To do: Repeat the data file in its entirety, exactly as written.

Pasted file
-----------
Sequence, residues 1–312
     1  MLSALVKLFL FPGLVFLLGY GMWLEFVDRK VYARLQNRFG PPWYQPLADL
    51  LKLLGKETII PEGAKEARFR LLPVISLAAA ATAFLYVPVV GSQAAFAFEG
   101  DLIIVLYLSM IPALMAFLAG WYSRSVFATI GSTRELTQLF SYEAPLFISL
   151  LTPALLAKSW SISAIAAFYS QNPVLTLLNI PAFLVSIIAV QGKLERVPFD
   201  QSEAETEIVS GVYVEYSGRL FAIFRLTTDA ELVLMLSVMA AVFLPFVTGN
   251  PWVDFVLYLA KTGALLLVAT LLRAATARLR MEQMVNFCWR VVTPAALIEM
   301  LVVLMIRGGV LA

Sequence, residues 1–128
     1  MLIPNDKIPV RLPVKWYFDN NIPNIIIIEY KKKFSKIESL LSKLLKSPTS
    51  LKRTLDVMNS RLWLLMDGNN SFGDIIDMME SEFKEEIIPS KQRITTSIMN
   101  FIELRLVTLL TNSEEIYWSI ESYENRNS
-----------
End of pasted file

Sequence, residues 1–312
     1  MLSALVKLFL FPGLVFLLGY GMWLEFVDRK VYARLQNRFG PPWYQPLADL
    51  LKLLGKETII PEGAKEARFR LLPVISLAAA ATAFLYVPVV GSQAAFAFEG
   101  DLIIVLYLSM IPALMAFLAG WYSRSVFATI GSTRELTQLF SYEAPLFISL
   151  LTPALLAKSW SISAIAAFYS QNPVLTLLNI PAFLVSIIAV QGKLERVPFD
   201  QSEAETEIVS GVYVEYSGRL FAIFRLTTDA ELVLMLSVMA AVFLPFVTGN
   251  PWVDFVLYLA KTGALLLVAT LLRAATARLR MEQMVNFCWR VVTPAALIEM
   301  LVVLMIRGGV LA

Sequence, residues 1–128
     1  MLIPNDKIPV RLPVKWYFDN NIPNIIIIEY KKKFSKIESL LSKLLKSPTS
    51  LKRTLDVMNS RLWLLMDGNN SFGDIIDMME SEFKEEIIPS KQRITTSIMN
   101  FIELRLVTLL TNSEEIYWSI ESYENRNS